Sunday 14 October 2018

Takers v Makers - Matchbook Premium Charge

Matchbook this week back-tracked on this comment which was formerly on their Commission FAQ page:

"This model not only allows Matchbook to be the best and cheapest place to bet, but also ensures that Matchbook will never have to apply an additional charge to winning users, as some of our competition has chosen to do."
...with the announcement that they are introducing a 60% Premium Charge applicable to anyone who exceeds one of two thresholds:
1. $1,000,000 (one million US Dollars) of Betting Volume; and/or
2. $20,000 (twenty thousand US Dollars) of Betting Profits
A lifetime profit of $20,000 is effectively nothing, £15,252 at today's rate, so for anyone serious about betting, Matchbook is no longer a viable option. At least Betfair lets you win £250,000 before taking 40%, 50% or 60% from you.

I've seen comments that this is 'a terrible business decision', but unless the commenter works for Matchbook and understands the rationale behind it, they really have no idea. 

One can presume that Matchbook executives felt they had no choice, especially given their rather snarky comment above, now removed, that they would NEVER apply additional charges "as some of our competition has chosen to do". 
While there were plenty of voices raised in objecting to the introduction of the Betfair Premium Charges, many were from people for whom it was never likely to be an issue, but as Mark Iverson commented this week:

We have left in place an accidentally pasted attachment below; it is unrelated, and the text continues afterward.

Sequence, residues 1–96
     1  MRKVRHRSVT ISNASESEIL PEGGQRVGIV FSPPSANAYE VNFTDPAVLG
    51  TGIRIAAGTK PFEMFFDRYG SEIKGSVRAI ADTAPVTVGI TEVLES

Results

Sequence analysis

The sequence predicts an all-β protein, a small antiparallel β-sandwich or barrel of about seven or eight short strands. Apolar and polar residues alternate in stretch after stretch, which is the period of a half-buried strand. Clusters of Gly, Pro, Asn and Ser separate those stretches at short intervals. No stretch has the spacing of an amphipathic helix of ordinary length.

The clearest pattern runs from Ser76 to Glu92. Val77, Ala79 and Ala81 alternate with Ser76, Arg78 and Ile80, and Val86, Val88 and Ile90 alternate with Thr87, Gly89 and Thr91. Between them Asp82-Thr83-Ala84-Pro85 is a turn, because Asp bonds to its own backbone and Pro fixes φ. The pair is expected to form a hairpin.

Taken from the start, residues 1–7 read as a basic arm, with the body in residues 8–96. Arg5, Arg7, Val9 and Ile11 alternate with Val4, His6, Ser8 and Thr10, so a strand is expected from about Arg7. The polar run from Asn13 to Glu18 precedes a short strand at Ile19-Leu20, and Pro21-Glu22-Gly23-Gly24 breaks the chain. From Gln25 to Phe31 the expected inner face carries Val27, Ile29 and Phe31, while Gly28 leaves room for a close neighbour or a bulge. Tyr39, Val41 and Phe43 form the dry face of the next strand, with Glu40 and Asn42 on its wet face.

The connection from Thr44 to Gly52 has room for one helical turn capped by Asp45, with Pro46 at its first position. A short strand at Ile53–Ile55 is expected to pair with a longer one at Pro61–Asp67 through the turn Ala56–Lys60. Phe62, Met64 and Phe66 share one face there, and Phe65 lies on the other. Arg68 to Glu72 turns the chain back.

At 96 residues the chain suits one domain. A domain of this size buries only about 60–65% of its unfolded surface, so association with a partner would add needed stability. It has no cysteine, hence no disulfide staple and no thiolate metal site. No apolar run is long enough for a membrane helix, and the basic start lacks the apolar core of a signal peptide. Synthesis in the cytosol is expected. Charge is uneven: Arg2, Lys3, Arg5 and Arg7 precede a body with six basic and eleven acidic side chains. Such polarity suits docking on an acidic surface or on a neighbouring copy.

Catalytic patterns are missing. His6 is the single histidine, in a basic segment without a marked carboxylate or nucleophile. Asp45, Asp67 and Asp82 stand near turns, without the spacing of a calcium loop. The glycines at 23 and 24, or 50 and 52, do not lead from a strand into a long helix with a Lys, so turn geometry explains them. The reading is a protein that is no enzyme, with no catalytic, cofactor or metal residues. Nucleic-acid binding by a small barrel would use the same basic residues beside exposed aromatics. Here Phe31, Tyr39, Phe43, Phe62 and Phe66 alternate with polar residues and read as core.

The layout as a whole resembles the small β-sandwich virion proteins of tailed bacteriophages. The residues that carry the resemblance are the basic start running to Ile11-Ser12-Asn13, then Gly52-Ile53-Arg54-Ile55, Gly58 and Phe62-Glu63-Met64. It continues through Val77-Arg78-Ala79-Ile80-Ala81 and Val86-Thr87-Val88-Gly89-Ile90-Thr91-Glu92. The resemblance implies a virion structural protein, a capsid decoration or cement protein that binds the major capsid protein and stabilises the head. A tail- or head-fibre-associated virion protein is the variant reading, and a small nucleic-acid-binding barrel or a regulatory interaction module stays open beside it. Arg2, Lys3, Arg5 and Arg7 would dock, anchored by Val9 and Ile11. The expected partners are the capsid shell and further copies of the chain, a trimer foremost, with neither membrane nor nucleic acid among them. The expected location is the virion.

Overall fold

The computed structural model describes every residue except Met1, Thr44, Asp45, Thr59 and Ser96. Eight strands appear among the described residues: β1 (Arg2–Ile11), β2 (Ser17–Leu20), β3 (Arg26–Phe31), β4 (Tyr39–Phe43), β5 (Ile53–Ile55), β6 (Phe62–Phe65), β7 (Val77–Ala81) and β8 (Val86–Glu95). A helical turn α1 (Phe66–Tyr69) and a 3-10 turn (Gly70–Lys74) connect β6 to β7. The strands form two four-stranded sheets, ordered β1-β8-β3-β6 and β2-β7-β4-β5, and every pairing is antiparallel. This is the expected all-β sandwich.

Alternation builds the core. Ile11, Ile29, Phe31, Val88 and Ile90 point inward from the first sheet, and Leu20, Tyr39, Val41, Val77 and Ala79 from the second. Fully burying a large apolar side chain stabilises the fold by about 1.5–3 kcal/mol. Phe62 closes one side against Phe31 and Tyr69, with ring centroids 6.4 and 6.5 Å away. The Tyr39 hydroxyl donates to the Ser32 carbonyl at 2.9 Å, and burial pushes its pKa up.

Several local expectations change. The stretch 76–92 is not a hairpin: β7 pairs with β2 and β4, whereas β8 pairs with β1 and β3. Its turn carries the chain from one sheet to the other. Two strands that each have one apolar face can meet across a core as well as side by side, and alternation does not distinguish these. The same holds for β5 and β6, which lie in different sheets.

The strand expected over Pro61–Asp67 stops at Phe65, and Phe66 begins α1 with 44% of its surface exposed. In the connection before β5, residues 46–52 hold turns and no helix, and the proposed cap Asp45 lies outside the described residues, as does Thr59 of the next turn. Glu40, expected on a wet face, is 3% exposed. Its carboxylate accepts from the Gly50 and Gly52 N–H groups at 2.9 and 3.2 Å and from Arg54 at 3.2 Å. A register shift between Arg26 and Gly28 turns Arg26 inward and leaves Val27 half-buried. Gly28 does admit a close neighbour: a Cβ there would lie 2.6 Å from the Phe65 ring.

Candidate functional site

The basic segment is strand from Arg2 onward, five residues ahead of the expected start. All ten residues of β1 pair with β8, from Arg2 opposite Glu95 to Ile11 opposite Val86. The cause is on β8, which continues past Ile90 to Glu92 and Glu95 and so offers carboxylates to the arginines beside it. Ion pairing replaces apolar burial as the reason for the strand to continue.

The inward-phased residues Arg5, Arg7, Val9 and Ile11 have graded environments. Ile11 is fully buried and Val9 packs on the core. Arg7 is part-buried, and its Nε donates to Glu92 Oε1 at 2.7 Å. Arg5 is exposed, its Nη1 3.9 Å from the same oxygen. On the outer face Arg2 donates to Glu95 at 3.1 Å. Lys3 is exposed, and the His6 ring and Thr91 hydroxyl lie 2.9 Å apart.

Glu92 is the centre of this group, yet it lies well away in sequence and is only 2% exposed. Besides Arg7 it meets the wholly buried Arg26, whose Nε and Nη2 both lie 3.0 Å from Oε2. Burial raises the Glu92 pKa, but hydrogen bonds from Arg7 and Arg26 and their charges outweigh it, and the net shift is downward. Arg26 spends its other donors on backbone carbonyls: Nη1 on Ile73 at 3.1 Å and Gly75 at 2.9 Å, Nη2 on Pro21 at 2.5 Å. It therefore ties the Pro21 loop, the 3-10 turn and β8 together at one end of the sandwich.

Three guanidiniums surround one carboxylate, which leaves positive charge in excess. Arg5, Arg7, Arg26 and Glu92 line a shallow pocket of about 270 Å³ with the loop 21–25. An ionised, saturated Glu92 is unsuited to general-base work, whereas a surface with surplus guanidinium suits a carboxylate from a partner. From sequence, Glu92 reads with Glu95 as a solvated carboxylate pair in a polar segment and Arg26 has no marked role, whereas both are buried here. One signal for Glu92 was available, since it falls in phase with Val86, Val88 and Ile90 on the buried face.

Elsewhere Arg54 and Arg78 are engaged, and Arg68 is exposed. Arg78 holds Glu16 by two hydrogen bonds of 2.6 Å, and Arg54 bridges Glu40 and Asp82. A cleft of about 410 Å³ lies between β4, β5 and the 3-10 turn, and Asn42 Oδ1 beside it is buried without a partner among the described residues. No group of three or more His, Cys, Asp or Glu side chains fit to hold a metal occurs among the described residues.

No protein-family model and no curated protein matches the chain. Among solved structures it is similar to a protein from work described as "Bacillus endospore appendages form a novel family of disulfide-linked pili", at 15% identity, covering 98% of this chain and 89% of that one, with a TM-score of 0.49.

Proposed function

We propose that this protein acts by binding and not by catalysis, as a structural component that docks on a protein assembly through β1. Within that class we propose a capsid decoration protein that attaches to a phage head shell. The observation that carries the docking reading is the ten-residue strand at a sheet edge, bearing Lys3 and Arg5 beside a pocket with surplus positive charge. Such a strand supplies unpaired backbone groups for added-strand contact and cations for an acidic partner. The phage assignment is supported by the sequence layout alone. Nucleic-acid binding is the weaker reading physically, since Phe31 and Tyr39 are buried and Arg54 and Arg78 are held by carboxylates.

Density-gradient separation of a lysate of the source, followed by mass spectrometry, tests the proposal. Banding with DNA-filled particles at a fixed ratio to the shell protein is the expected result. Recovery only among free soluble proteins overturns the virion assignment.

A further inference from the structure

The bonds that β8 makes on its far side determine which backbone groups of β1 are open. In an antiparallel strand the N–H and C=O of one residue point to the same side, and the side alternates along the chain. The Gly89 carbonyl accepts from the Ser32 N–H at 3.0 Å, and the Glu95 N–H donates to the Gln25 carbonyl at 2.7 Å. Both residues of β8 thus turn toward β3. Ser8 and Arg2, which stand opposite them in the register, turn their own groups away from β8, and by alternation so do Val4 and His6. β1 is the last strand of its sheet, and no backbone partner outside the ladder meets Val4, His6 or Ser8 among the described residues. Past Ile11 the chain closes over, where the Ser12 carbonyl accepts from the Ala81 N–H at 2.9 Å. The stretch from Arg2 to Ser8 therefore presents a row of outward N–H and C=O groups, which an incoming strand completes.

It's all about the dream. Without that nobody starts.
Very true. Mastering betting takes a lot of time, and has an opportunity cost. 

While $20,000 is very low, and has little room to drop further, there's no guarantee that Betfair's £250,000 will not be reduced. It's not exactly encouraging for new entrants.

As Smarkets' Jason Trost commented on Twitter:

And there lies the basic problem for exchanges, mostly, I suspect, the result of the opportunities offered by in-play whereby scalpers (e.g. court-siders) take advantage of slower reacting market makers. Allow that scenario to continue and the market makers sensibly walk away. 

Matchbook could have tried tweaking their dual commission approach (they charge 'takers' a higher rate than 'makers'), but presumably felt that casual bettors would be discouraged by a higher 'taker' rate which in turn would not be enough to deter the professional scalpers. 

Of course outright barring of the scalpers would be another option, but that turns a supposedly neutral exchange into an interested party. I say 'supposed' because in the case of Matchbook, there is some debate on how much money on the markets is seeded rather than from other players. That could certainly explain the low bar and the action taken.     

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